Mensa Academy is probably best described as brain training to the extreme. Pitting you against a series of more than 100 themed challenges, each of Mensa Academy's games is based around one of five subjects - Numeracy, Literacy, Visual, Logic, and Memory - but things here get taken a little bit further than on other similar games.
Asking you to solve equations with brackets, know your mental 13 times table, work out multiples and simplify fractions, all to a strict time limit, this is going to be challenging stuff for a lot of adults, never mind kids. While some puzzles in the Numeracy section may start out asking simple things like 7 + 6, they soon start involving brackets - (5 + 3) x 7, and go on to be practically evil on the later levels - (14 + 9) x ? = 299. Similarly, one of the games in the Literacy section gives you a word with two letters missing, and then asks you to choose which letters should fill the gap. It's easy enough when they ask you things like hai-cu-, but when you're meant to choose the missing letters for campano-ogi-t, things can get a little bit trickier. Similarly, the "Opposites" game, which asks you to choose the two words which are opposites out of four possibilities, starts by asking you to choose "push" and "pull", but ends asking you to spot "veteran" and "neophyte", or "theic" and "agnostic". Luckily, every game here gives you multiple choice options, so you're never on your own - but you are always against a rather strict time limit.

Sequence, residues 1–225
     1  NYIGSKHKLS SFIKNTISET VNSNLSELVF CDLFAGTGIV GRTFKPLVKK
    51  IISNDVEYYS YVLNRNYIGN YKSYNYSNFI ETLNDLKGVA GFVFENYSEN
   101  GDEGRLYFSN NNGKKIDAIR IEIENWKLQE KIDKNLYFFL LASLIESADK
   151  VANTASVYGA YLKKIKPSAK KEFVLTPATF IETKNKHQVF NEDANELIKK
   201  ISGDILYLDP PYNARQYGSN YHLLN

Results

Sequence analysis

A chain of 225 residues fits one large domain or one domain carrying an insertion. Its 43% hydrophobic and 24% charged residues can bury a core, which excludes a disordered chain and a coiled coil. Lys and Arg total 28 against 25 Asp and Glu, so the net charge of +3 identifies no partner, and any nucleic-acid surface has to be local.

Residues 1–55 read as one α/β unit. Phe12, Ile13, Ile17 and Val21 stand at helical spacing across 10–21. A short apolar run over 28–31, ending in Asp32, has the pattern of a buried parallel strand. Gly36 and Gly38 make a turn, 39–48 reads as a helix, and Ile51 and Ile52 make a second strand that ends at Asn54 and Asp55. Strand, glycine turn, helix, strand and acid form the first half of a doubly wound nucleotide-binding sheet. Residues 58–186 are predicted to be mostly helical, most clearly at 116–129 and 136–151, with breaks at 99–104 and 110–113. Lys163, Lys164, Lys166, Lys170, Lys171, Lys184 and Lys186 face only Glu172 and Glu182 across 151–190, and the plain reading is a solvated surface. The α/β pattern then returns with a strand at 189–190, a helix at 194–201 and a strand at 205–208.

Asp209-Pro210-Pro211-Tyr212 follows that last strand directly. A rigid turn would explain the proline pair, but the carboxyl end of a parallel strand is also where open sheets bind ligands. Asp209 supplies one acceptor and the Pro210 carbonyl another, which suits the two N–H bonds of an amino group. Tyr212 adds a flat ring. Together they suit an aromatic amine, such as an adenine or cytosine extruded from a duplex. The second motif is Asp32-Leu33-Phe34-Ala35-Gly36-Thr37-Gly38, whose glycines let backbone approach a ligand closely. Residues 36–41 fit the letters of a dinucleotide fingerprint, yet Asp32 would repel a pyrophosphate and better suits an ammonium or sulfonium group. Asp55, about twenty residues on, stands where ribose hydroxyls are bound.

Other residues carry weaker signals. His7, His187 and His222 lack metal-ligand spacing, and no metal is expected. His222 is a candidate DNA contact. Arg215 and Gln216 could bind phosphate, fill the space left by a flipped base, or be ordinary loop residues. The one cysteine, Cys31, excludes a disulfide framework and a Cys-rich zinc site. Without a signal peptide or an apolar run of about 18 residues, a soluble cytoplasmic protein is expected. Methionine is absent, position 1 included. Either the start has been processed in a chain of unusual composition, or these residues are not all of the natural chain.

Because there are so many games, it's a bit tricky to put an age on this - some of the Maths questions are equivalent to level 5 Maths (and some are beyond), so your average 11 year old may be able to push themselves to answer a majority of the questions, but the English games seem to expect a vocabulary wider than most adult's! Never the less, an 11 year old ought to be able to have a decent stab at most of the game - and practicing mental maths can never be a bad thing!
As a brain training style game, there's nothing for parents to worry about at all here - no gore, violence, sex, or bad language. Not even slightly.
While on the 3DS, there's no multiplayer mode to speak of, on the Wii, up to four people can play together in one of two modes - Brain Battle, and Brain Race. Fairly similar concepts, each basically boils down to a race to see who can answer questions the quickest - there's not much to it, but it's a nice addition nonetheless.
Format Reviewed: Nintendo Wii